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Get your shot. Pretty please.

Thursday, July 15, 2021
Get your shot. Pretty please

The Leader started back to reporting on the COVID-19 pandemic one week ago, and we will continue to do so for the however long the surge in new cases lasts.

It isn’t like we are relishing the idea of once again attempting to inform our readers of this real and present danger, after enjoying a number of weeks as the numbers drizzled down to nothing remarkable.

All four of our employees have dealt with this, alongside the rest of America. Trust me, we would rather be focusing on a return to normalcy, after more than a year of anything but.

And no, we haven’t been or ever will be formulating our news based on political ideology, but instead trusting our basic sense of reality.

If you have been keeping up with the pandemic, the virus has gone through multiple stages of mutation, something that viruses are coded to do by their very nature.

The latest mutated strain is called Delta, which began in India, and has spread rapidly throughout the world and is now considered the dominant strain in our own country.

When it comes to researching something medical, I stay away from the politically-connected sites and head to the world of medical science. For the Delta variant, I found Yale Medicine.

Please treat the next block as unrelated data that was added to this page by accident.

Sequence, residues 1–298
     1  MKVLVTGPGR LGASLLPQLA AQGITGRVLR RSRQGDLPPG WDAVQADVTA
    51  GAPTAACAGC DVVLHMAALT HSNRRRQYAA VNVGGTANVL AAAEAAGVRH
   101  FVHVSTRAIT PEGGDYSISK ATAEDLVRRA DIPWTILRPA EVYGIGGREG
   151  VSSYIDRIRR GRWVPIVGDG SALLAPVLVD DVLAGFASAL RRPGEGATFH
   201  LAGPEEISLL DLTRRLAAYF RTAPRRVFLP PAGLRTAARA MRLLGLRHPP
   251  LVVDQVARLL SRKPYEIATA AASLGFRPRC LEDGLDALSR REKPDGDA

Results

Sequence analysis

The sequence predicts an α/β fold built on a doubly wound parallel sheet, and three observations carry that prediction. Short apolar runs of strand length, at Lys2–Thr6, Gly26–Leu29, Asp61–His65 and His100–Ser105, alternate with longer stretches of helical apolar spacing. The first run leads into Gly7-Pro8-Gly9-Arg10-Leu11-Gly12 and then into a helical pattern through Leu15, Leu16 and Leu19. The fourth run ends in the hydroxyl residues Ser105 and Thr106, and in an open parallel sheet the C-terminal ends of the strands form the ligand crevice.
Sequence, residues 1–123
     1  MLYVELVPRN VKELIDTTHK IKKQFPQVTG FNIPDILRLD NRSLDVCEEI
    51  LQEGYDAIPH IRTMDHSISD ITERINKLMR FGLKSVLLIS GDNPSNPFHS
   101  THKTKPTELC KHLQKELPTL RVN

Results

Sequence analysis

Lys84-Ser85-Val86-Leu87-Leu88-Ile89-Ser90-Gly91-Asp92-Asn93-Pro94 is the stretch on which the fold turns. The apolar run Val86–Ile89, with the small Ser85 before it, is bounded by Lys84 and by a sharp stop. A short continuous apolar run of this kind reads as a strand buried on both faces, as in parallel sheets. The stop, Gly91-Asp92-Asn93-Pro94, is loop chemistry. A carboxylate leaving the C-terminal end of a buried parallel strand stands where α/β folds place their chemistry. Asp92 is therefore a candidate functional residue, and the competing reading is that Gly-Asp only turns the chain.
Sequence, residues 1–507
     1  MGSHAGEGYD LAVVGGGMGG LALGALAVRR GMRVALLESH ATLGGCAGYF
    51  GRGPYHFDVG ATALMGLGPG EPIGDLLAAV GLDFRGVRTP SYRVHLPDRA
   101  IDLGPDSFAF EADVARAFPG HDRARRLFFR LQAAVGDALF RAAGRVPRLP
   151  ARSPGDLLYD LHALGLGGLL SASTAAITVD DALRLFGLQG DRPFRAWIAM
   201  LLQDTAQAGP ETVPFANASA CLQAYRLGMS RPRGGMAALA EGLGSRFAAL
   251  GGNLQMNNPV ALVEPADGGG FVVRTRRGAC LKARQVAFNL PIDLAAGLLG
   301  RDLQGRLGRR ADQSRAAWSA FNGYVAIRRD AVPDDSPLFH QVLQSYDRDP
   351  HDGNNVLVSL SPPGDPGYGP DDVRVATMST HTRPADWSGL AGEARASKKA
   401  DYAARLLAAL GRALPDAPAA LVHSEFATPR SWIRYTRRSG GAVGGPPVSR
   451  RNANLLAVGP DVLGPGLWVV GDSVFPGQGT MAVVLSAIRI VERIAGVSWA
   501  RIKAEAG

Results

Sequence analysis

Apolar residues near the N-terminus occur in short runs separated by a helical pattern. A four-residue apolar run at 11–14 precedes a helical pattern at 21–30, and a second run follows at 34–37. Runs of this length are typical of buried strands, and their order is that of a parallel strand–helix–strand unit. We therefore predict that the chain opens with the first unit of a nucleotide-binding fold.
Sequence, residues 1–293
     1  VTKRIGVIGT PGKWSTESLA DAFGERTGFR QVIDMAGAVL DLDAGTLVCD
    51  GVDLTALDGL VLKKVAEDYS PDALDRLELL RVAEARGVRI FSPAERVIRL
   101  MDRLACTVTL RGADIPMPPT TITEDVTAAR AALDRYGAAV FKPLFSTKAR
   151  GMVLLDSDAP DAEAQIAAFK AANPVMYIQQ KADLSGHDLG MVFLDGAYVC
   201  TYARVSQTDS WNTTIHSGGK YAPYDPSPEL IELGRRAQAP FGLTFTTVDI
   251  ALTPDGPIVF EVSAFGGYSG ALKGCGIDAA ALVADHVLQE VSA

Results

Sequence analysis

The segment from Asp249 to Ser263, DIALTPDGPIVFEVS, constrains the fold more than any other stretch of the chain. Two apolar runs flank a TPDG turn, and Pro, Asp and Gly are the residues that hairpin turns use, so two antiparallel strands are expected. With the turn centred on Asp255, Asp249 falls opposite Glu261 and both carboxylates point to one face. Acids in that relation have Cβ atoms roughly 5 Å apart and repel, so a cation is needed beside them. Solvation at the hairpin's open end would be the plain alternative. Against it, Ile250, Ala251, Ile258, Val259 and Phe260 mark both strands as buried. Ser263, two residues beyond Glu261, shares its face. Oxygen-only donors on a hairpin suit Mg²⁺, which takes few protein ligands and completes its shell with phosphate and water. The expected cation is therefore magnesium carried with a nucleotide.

One thing about Delta, according to F. Perry Wilson, MD, a Yale Medicine epidemiologist, is how quickly the strain is spreading. “Delta will certainly accelerate the pandemic.”

The Yale website allows five things you need to know about the Delta strain:

1. Delta is more contagious than the other virus strains

2. Unvaccinated people are at risk

3. Delta could lead to ‘hyperlocal outbreaks’, meaning outbreaks for areas that have a low vaccination rate

4. There is more to learn about Delta, such as does it make you sicker than other variants? Or are current vaccines strong enough to keep you safe, and

5. Vaccination is the best protection against Delta.

My gut instinct tells me that the numbers in Texas will continue to climb in the coming weeks, to the point where they can no longer be ignored.

And it is not just the fact that we’ve reopened businesses to near-normalcy at a rapid rate, encouraged mass gatherings at sporting and entertainment events (without masks or social distancing), or now enjoy shopping at the grocery store without a mask.

School will start in the next month, bringing thousands of students and educators together in the classroom.

There won’t be remote learning, so anyone of the kids or teachers testing positive will be guaranteed a number of days away from instruction. That can also include those the infected came in contact with.

The Wichita Falls ISD has already made an announcement encouraging parents to vaccinate their children against COVID-19 if they are eligible to receive the vaccine. I believe that age group of 12-18, and may be expanded to include younger kids in the near future.

I haven’t had a chance to check with our local school administrators, but I believe they would also encourage vaccines as well for their student and educators prior to the start of the school year.

Maybe I just want to play the cautious soul who would accept very low risks to taking the shot and helping us return to normalcy.

I’m a big needle-hating baby, but I did it, as did my three fellow employees.

We collectively urge you to take the leap, and get your shot this week. Pretty please.